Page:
Definition of plinth in English:

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Pronunciation: /plɪnθ/


1A heavy base supporting a statue or vase: busts of the King and Queen on marble plinths
More example sentences
  • The plinth for the statue will be some two feet higher than originally planned in the interests of health and safety and to prevent vandalism.
  • I was horrified when I got up to find the statue missing from its plinth.
  • London's city council recently announced a competition among sculptors to top the empty plinth with a statue.
1.1 Architecture The lower square slab at the base of a column.
Example sentences
  • Finally, in 1838, the architect Alessandro Della Gherardesca dug a walkway called the catino around the base of the tower to expose the buried foundation steps and column plinths.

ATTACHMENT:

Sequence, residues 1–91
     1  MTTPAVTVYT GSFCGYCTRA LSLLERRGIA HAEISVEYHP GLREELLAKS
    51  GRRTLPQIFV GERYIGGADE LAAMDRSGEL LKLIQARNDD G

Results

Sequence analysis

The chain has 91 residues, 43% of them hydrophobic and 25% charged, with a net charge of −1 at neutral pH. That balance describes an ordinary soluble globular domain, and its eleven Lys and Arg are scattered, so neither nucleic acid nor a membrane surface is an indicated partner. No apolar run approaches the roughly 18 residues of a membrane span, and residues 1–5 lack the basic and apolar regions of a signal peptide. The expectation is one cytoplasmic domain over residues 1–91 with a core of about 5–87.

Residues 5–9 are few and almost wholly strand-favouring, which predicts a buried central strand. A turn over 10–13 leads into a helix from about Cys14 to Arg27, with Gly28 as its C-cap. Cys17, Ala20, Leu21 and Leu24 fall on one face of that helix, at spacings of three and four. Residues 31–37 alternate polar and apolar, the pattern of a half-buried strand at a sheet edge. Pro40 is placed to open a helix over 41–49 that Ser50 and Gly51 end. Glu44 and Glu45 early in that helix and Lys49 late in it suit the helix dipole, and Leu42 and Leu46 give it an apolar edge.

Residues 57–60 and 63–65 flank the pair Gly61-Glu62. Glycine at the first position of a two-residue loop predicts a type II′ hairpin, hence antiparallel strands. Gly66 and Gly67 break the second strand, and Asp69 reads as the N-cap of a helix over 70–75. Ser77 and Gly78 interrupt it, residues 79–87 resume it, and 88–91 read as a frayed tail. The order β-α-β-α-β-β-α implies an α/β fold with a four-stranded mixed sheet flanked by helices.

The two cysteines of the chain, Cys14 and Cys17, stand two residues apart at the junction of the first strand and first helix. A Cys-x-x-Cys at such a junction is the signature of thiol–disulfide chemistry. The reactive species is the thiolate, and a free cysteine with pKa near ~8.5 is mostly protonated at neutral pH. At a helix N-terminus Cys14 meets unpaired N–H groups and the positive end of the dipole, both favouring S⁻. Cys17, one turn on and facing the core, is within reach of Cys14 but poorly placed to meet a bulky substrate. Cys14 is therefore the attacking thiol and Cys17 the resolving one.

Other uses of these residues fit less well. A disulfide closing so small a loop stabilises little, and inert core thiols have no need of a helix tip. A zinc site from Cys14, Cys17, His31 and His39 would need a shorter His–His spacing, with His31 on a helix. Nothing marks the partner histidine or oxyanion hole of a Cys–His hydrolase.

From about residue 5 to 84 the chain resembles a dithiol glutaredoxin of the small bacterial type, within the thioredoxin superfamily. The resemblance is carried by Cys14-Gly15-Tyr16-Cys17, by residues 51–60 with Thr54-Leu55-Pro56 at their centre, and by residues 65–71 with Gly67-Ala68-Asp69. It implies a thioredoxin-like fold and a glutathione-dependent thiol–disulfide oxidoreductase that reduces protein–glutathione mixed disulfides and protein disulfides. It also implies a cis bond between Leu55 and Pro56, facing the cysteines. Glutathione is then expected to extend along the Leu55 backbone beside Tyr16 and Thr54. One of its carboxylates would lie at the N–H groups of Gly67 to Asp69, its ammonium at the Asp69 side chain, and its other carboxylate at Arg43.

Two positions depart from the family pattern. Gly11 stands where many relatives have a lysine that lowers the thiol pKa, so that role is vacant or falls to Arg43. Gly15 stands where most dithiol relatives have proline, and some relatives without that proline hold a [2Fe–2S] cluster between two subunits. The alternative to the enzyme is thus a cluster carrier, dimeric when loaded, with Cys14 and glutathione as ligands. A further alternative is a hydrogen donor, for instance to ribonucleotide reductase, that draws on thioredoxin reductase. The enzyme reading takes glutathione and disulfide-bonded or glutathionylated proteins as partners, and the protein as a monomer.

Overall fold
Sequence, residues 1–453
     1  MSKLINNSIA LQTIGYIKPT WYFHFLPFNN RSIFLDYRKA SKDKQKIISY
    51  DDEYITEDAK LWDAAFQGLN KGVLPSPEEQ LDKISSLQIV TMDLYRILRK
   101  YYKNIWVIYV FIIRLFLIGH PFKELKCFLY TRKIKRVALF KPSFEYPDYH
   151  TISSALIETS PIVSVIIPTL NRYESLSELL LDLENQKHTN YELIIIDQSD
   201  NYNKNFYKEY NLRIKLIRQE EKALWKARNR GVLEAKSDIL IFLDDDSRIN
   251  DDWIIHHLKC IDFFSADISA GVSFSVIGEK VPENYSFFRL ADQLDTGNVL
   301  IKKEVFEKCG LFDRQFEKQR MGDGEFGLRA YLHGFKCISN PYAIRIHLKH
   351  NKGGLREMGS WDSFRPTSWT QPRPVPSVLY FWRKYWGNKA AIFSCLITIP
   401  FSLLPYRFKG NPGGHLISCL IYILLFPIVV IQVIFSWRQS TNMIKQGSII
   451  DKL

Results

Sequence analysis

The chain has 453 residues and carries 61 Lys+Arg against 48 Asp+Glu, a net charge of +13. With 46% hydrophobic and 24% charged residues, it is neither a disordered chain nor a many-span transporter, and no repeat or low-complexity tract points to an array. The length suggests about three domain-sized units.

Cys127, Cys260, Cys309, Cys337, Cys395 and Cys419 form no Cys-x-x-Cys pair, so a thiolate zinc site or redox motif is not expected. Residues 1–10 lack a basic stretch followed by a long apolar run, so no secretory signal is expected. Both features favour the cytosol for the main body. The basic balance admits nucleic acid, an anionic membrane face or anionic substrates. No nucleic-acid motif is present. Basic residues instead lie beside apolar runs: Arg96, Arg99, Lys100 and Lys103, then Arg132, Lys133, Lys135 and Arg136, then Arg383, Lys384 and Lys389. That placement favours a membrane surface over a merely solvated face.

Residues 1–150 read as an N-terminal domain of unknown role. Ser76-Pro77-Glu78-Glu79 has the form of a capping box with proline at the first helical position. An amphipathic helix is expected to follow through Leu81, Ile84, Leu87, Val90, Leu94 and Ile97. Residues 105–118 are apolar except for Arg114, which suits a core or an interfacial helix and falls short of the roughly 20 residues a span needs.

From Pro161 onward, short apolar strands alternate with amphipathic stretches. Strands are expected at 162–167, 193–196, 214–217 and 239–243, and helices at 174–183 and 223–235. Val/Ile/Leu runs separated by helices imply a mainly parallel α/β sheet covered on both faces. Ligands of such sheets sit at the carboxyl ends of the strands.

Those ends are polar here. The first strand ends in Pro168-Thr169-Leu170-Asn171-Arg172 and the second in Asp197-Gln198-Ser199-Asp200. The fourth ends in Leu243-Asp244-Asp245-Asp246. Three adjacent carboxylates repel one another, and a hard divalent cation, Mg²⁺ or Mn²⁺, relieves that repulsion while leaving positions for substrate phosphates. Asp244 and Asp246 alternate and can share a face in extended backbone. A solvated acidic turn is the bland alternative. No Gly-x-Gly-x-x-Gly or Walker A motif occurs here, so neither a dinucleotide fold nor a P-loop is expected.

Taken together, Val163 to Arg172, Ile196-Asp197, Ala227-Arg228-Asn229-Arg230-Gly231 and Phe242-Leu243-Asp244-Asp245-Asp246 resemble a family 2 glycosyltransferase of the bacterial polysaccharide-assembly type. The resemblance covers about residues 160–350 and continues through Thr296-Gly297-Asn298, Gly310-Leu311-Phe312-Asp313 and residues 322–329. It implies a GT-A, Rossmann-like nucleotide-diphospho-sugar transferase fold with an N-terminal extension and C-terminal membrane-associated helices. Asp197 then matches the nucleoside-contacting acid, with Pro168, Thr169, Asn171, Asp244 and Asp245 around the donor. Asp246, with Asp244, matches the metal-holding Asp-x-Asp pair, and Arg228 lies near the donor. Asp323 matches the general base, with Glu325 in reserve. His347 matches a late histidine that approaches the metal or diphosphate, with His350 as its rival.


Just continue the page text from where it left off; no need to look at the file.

• From the malleable scrapings Antonin fashioned plinths, column tops and pedestals.
  • The original Mosque has undergone extensive repairs, but traces of the original construction are seen in the plinth, the columns and the roof which are in the old traditional styles of Hindu temples.
1.2 Architecture The base course of a building, or projecting base of a wall.
Example sentences
  • Isolated from the main house further inland, it stands on a stone plinth set into the tidal waters of the River Ilen, near Skibbereen in County Cork.
  • And when the tall glass doors slide open, the black concrete floor flows out to a continuous 6-foot-deep terrace, a concrete plinth that holds the house.
  • The enormous plinth on which the museum stands responds to a considerable fall-off in grade across the site.


Late 16th century: from Latin plinthus, from Greek plinthos 'tile, brick, squared stone'. The Latin form was in early use in English.

Words that rhyme with plinth


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Line breaks: plinth

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